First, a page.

Friday, September 21, 2012

Sarah Martin's Voice

Dear Mitt,

My dad was one of the air traffic controllers fired in the wake of the PATCO strike, and my mom has always worked in medical records.  I grew up in a middle class family – at times less than middle class – but I never went hungry.  I always had clothes that fit.  I had a roof over my head.  When I was sick, I went to the doctor.  If there was something I really wanted to do, my mom made certain I got to do it.  But somehow I knew if something was really expensive, I shouldn’t ask for it.  That’s why I never told my mom about the 8th grade trip to Washington D.C. or the high school trip to Europe – because I knew she’d try to find a way for me to go, and I knew we didn’t have the money.

My father was an alcoholic and a compulsive spender.  By the time I was a teenager, he was a successful small business owner, but his dependency and habits always had my mom scraping to get by.  When I was 15 years old, my dad blew his brains out on Christmas Day.  There was no life insurance to pay for the funeral, no savings, nothing – only a mountain of bills.  My mom went into debt trying to take care of everything on her own, and I knew at that point that I had to grow up very quickly. I also stopped liking Christmas.  I bet your Christmases as a kid were different from mine.

Through academic scholarships, Pell grants, a part-time job, and Stafford loans, I managed to graduate college and start a career – a career that ended up not being very lucrative, but I made ends meet.  I got married.  We bought a house.  I was living the American dream, right?  What is your version of the American dream, Mitt?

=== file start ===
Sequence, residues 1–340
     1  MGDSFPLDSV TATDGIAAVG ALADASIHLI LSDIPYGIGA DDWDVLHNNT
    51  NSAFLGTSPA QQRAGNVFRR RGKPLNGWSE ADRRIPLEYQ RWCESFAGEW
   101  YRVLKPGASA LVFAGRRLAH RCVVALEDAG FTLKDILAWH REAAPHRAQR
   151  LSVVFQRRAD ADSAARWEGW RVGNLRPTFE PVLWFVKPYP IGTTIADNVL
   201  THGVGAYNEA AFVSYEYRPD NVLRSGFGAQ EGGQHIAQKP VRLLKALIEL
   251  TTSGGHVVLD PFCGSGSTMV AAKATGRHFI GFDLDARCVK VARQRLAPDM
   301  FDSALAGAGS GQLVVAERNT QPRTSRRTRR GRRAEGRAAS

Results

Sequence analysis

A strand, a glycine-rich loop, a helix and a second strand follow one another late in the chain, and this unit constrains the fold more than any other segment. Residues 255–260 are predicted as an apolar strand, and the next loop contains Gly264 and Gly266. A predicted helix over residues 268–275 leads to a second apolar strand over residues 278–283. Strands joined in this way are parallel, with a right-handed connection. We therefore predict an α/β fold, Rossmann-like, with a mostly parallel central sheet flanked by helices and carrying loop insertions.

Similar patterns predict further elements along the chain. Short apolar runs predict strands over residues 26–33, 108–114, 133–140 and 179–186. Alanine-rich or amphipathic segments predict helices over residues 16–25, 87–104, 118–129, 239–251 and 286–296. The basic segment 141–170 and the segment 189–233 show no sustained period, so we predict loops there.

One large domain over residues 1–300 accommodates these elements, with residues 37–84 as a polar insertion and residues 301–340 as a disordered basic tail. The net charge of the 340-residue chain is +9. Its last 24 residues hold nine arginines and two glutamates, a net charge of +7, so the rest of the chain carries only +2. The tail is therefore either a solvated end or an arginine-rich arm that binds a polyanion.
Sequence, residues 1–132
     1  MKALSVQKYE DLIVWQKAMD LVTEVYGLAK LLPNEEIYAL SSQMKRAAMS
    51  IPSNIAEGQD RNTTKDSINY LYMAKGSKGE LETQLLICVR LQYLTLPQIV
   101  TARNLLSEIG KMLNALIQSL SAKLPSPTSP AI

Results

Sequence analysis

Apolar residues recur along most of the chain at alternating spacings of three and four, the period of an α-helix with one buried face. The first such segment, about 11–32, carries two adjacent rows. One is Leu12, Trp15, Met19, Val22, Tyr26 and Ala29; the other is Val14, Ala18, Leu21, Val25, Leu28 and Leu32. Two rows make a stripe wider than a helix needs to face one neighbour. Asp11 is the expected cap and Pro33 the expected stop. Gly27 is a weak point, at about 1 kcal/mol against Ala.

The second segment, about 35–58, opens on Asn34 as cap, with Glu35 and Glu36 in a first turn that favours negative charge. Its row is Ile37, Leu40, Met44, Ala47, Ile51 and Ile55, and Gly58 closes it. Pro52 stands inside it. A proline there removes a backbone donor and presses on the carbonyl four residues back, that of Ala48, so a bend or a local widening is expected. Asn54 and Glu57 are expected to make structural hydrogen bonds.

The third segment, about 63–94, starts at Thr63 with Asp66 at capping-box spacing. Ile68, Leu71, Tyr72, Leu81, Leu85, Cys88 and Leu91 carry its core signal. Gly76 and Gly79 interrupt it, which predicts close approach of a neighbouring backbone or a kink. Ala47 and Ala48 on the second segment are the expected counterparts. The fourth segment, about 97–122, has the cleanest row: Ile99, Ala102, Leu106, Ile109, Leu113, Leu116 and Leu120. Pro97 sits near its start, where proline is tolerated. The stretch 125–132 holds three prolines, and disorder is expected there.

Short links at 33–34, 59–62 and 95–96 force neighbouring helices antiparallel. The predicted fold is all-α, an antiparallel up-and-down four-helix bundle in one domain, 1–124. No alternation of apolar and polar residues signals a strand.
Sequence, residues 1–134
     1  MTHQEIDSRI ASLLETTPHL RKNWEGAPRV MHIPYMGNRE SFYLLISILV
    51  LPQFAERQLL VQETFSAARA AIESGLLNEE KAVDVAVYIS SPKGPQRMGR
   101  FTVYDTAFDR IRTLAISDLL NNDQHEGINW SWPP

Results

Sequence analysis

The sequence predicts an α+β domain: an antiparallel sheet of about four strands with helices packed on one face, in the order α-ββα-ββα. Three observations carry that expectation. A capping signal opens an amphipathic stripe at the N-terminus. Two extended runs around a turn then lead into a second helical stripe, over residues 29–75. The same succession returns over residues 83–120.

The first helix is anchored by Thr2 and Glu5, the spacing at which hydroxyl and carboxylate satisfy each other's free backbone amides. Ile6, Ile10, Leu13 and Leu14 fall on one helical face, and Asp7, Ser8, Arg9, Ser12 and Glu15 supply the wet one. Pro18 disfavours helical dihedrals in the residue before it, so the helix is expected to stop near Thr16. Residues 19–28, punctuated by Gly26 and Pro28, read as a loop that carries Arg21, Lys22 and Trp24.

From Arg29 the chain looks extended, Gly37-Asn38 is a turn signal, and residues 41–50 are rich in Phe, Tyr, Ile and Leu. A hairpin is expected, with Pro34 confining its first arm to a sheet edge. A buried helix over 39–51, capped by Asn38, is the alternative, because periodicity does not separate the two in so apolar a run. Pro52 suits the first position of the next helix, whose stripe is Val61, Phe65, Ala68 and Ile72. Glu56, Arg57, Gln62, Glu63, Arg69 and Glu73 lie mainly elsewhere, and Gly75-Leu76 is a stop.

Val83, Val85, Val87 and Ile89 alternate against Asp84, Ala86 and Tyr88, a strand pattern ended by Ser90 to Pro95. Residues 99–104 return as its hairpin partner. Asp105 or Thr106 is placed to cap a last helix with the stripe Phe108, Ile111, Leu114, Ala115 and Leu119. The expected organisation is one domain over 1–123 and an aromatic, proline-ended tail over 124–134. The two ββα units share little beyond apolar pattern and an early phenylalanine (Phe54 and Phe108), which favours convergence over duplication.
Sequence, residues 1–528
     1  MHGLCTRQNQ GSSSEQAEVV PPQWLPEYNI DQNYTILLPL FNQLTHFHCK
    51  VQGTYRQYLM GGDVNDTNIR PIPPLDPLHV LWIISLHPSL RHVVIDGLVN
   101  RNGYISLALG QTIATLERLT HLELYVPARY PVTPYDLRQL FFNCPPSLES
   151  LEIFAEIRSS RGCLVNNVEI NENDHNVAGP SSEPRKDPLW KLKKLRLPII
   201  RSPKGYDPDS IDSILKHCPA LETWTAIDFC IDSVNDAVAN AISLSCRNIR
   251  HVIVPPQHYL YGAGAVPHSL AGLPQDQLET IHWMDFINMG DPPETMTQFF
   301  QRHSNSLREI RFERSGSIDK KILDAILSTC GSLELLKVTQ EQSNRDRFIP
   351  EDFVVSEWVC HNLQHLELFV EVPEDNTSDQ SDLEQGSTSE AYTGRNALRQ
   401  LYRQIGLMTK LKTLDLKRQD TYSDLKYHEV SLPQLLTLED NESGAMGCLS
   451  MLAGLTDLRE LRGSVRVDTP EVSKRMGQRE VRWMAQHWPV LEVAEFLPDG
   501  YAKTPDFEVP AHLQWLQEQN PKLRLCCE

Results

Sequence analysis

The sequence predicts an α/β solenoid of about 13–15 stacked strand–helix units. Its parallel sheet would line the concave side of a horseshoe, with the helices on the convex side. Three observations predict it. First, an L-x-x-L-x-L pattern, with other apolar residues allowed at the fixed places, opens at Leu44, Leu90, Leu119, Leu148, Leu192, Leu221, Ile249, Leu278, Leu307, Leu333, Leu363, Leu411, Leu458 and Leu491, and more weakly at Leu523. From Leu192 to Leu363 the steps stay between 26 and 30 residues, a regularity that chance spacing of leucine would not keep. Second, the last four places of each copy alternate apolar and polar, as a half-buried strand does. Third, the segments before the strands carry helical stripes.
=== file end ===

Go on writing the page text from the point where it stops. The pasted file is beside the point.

A few years later, we took a loss on our home and relocated to a small town in Northeast Georgia for my husband’s dream-job.  I, however, was underemployed, but like a good wife often does, I made sacrifices for my husband.  One day, I came home to find that my husband had left me for another woman and had overdrawn our joint bank account.  I moved back to my hometown where I had a small support system of family and friends.   I subsequently went through a divorce and got stuck with a lot of debt.  During that transitional period, I took a job waiting tables and tried to put some semblance of plan together to get another degree and start over in a new career.  For one six-month cycle, I received food stamps, which was just what I needed to avoid moving back home and burdening my mother – what I needed to get back on my feet.  I am no welfare queen.

Perhaps at my lowest, I met my current husband - a former Marine who is now employed full-time on a one-year contract with the Tennessee Army National Guard.  I should mention that he was deployed to Iraq for 12 months, and because of my low income and his commitment to serving in a combat zone – a service which exempts his income from being taxed – we both owed no income tax for 2010.  You called us “victims.”

As you can see, Mitt, no matter to whom you were referring in your remarks – whether it was the population who are receiving or have received federal benefits (and I have) or the population who have not paid income tax (and at times I have not) – I am part of the 47%.

Today, I am blissfully married, own a home, and am active in my community and the political process.  I may have a mountain of student loans, but I currently hold a master’s degree in public administration and graduate certificate in nonprofit management.  I have a promising position with a nonprofit organization and am committed to effecting change in my time here in this world.  With help, I changed my life, and I feel an obligation to help others change their lives, as well.  I get it -- you're not interested.  And I'm not interested in voting for you, either. 

Sarah Martin

Sarah Martin is from Nashville, Tennessee and works for a nonprofit organization dedicated to eliminating racism and empowering women.  She strives to be a voice for those whose voices are not heard loudest.